This year, it’s expected 50 percent of the workforce will be Millennials. HR professionals have been preparing for that for some time. Millennials, themselves, are more ambitious than other generations. They have an unprecedented drive to succeed in work and advance in the future.
One strategy to achieve this goal is called career pathing.
Defining the Strategy
Put simply, career pathing is that process by which the employee and, usually, the employer chart a path toward the employee’s future development goals. The destination, as well as the steps, experience, and development needed to get there are included.
The challenge for HR professionals is knowing what knowledge, skills, personal characteristics, and experience are needed to reach the intended goal. For the employee, the challenge is about examining whether or not she or he possesses the qualities deemed necessary for the job they wish to pursue.
Engagement and Retention
Employees want to see and understand the opportunities available within their company. They expect to see career development opportunities while being satisfied and motivated. In fact, 75 percent of Millennials are willing to use personal time to grow their skills and learn when their employer provides the right guidance tools. As a result, career pathing is an important factor in other strategies including employee engagement and employee retention. It also provides companies with the opportunity to differentiate itself from competitors.
From Larry Brand’s perspective, this is heavy focus on lattice career pathing. Brand is the Chief Human Resources Officer for Elkay Manufacturing.
“Think of a lattice that a plant grows up, as opposed to a career ladder, which is what Baby Boomers and Gen Xers are used to,” Brand said. “The lattice means you could move one to the left, one to the right, one up. In larger organizations you’ll have a millennial that will even take a step down; a small step down if they know getting that learning experience means they can take one step up in 18-months to two years.”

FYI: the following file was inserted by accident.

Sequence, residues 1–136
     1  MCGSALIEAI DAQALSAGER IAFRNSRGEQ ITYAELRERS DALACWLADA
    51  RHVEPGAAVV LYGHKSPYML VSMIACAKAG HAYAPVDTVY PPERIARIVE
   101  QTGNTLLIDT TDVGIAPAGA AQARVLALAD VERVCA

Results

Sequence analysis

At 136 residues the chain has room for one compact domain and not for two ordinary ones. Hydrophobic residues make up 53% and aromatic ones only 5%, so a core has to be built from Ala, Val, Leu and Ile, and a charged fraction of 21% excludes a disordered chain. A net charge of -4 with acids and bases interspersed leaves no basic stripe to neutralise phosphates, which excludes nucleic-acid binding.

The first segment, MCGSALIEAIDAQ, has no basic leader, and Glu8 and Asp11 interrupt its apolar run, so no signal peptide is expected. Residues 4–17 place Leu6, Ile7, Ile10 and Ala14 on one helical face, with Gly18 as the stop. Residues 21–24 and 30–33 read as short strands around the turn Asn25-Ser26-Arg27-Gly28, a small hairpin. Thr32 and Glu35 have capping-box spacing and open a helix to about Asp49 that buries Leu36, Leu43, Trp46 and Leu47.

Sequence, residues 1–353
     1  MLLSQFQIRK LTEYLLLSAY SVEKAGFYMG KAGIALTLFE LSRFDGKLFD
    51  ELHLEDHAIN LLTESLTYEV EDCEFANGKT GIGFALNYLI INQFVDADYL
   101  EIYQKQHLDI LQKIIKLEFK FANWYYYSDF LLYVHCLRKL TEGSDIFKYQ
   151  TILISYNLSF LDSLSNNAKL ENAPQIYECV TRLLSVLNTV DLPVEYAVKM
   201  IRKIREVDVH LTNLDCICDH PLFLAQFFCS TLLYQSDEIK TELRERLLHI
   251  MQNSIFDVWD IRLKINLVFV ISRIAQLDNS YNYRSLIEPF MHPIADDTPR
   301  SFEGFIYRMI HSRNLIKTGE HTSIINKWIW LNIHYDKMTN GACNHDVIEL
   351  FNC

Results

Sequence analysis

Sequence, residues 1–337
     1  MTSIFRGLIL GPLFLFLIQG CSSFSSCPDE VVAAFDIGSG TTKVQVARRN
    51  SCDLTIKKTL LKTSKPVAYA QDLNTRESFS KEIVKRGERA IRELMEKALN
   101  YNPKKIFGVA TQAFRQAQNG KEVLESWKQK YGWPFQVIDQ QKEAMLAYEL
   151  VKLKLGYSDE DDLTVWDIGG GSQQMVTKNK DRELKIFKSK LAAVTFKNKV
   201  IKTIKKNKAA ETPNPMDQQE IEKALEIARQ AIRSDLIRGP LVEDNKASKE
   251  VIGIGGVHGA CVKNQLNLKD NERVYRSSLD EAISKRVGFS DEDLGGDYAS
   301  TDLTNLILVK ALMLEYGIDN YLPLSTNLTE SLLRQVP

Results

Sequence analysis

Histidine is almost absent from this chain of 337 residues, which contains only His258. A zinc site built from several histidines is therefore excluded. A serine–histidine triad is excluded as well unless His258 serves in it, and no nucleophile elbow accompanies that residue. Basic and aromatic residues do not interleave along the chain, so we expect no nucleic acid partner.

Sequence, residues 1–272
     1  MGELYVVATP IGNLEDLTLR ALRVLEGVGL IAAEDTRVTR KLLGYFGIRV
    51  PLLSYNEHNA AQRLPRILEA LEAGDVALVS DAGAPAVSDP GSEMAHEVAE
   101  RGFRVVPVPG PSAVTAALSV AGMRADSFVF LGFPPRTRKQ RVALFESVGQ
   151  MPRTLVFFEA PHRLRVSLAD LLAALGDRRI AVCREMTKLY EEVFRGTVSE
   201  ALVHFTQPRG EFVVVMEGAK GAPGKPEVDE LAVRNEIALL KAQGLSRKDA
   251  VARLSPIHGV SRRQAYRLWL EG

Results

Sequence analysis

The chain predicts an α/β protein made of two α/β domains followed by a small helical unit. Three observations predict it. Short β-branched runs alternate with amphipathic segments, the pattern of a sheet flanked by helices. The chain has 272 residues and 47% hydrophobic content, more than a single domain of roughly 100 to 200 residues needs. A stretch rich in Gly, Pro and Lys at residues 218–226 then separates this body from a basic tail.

Having said that though, Brand explained HR professionals using this must keep workers moving along the lattice into other functional areas. As it happens, HR will see more talented people moving around and being challenged to improve. But it also plays a part in other strategies.
“Meanwhile, you’ve got succession planning going on as you’re retaining these people you’re seeing what they can do and you’re hoping, as you add them into the succession plan, that whether somebody retires or somebody resigns that you have a pool of people you can pull from so you don’t have to constantly go to the outside to recruit key positions,” Brand said.
In the end, career pathing helps drive consistency so that as people develop, they have clarity on the knowledge, the skills, and behaviors that are required for them to succeed at different goals or different levels.”
Career pathing can be a critical component in employee engagement and employee retention. Organizations who assist employees in developing this career path ensure the employee feels a deeper connection to the company and thus, will continue to work for the company in the years to come.
by Mason Stevenson
Originally posted on HRExchangeNetwork.com